Senior Spotlight: Baylor Crigger, Camanche

By Joshua Swafford for The Predicament

When did you start wrestling? Who introduced you to the sport?

I started wrestling in the 1st grade as my dad introduced me to the sport as he was a wrestler himself. But I really started getting into the sport in the 5th grade when I was introduced to the Young Guns program with Eric Juergens.

Do you have any family who wrestled before you? How did they do?

As I mentioned before, my dad, Troy, was a wrestler along with my two uncles, Chad and Jeff. All three of them wrestled for Clinton High School. My dad ended with the better career as he finished with a runner-up title in the class 3A state competition. He grew up learning from the Knight family, more specifically, Danny and Steve.

Did you catch on to wrestling quickly or was it a gradual process?

I am not going to lie, I was not a very good wrestler at first. It was a sport that I found to be challenging and at first I wasn’t totally invested in that. But I soon sold myself to it, creating a gradual process of becoming somewhat successful in it.

What club did you wrestle for growing up and how would you describe your experience with the club?

As previously mentioned, I wrestled at the Young Guns Wrestling Club with Eric Juergens. I would describe my experience with the club as being life changing, not only with my wrestling, but as a human being as well. I owe much of my success to Juergens because of his great technique and wrestling philosophy. He really strives to teach us to pay attention to the little details because that will make your wrestling reach the next level. Young Guns taught me discipline and the attitude to win and never give up. Very appreciative as to what the club has done for me. It’s also not everyday you can learn from one of the best wrestlers to ever live.

What are a couple memorable moments from youth wrestling?

One memorable moment that I have is when I was in 6th grade. It was the year I won my first AAU state title. I came in to the tournament having people not know my name. When I got first, I thought my dad was going to freak out and give me a hug and stuff like that. He didn’t do any of that and instead gave me a high five and gave me some feedback as to what I could do better next time. He wasn’t being hard on me, I just realized his expectations were much higher than I thought. Ever since that moment, it has made me work harder because I know that my ceiling is so much higher than I thought. That moment shaped my life forever!

How did you finish at state tournaments in youth?

I’ll start with Grade School State. I won the tournament twice in 6th and 8th grade and finished second in 7th grade. Every other time I went, prior to those times, I did not place. At USA State, I won the tournament my 8th grade year and got 3rd my 7th grade year. Those were the only times I went to that state. Then AAU State. My fifth grade year I only qualified, my 6th and 8th grade year I won it, and my 7th grade year I finished 2nd.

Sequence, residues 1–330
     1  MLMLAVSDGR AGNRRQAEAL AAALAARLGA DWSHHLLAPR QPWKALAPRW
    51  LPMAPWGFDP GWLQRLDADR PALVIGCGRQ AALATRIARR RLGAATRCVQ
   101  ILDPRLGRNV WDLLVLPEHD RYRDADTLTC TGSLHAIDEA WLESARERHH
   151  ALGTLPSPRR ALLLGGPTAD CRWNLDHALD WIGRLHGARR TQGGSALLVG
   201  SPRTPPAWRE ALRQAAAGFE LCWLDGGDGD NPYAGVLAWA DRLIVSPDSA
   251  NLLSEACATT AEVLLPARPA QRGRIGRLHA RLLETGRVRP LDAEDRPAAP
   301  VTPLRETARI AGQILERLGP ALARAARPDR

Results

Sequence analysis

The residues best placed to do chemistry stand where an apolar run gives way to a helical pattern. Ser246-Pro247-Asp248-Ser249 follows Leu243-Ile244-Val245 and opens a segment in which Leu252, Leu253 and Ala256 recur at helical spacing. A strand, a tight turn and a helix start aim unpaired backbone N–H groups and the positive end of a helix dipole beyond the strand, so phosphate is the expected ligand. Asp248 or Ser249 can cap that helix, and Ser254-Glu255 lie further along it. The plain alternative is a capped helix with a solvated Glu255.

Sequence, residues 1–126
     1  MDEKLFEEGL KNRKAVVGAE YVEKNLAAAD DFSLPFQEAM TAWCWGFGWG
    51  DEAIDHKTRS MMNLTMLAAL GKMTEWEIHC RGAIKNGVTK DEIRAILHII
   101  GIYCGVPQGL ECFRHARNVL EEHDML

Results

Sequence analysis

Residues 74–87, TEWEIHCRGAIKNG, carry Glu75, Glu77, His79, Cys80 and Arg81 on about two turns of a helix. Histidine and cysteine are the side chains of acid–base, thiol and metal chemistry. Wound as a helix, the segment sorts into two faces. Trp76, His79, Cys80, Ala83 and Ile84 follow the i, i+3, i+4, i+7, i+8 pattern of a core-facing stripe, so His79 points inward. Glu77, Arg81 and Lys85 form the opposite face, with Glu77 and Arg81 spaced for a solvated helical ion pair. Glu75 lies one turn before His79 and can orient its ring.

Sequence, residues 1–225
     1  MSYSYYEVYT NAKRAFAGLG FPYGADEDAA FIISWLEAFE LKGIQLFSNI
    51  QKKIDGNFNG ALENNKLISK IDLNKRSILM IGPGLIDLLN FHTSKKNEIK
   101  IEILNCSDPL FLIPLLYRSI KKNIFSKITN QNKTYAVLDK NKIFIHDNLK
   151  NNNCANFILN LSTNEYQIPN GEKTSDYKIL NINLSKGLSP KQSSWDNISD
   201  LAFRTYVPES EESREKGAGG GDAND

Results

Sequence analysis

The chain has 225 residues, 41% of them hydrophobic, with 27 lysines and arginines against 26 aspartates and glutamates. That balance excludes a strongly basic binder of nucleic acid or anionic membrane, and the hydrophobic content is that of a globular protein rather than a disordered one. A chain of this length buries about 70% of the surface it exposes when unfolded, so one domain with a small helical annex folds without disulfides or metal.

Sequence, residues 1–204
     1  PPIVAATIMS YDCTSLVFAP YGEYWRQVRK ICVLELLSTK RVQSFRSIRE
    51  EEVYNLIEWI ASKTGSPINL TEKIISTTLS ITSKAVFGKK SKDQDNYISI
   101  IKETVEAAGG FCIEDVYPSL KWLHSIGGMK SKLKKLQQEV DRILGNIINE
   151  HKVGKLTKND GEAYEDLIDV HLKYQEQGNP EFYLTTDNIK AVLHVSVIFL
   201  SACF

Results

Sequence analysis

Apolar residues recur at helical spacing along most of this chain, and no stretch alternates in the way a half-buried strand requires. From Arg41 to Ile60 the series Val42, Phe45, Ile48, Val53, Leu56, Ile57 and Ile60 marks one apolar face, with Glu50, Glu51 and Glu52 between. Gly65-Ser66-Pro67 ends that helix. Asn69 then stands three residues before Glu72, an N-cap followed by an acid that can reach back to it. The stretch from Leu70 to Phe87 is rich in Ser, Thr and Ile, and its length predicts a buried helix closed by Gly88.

What are some of your more memorable moments from high school wrestling?

Some of my most memorable moments from high school are when I hit the milestones of 100 and 150 career wins. Another moment was when I got third this year because it showed all the hard work that was put in to get to that point, especially with having those injuries set me back earlier in my career. But my most memorable moment was when my teammate, Eric Campie, won the dual against West Liberty to secure an undefeated record as a team in conference play, my freshman year. We bumped him up from 113 to 120 and we needed a pin to win it. With close to 13 seconds left, he pins the kid and everyone went crazy. So that would be my most memorable moment of my high school career.

How did you finish at the state tournaments you wrestled in at the HS level?

I only qualified for the state tournament twice during my high school career. My junior year I ended up going 1-2 with losing to Mangold and McCunn. Then this past year, my senior year, I got 3rd place with losing to Noftsger in the quarterfinal. Overall, it wasn’t what I wanted but it’s just something you got to live with.

Who were your wrestling heroes growing up?

My first hero growing up was Dan Gable. I read his book at a young age and instantly fell in love with his story. My second hero was Eric Juergens. Getting to wrestle under him at Young Guns made me appreciate him more and him helping me out a lot with my wrestling makes me grateful for him. My third and final hero is my dad. He taught me the basics of the sport and guided me to my success. I’ve been chasing his records, state placing, and mindset. Can’t thank him enough for everything he’s done.

Was there ever a point in your career where you noticed yourself jumping levels and making huge strides?

At the end of my 5th grade year and heading into my 6th grade year was when I really started to realize a jump. It was a year after I started Young Guns and lifting weights. I know those two things are what helped me make those strides. Then during my sophomore campaign, I started to realize myself jumping another level. Freestyle helped with making this stride.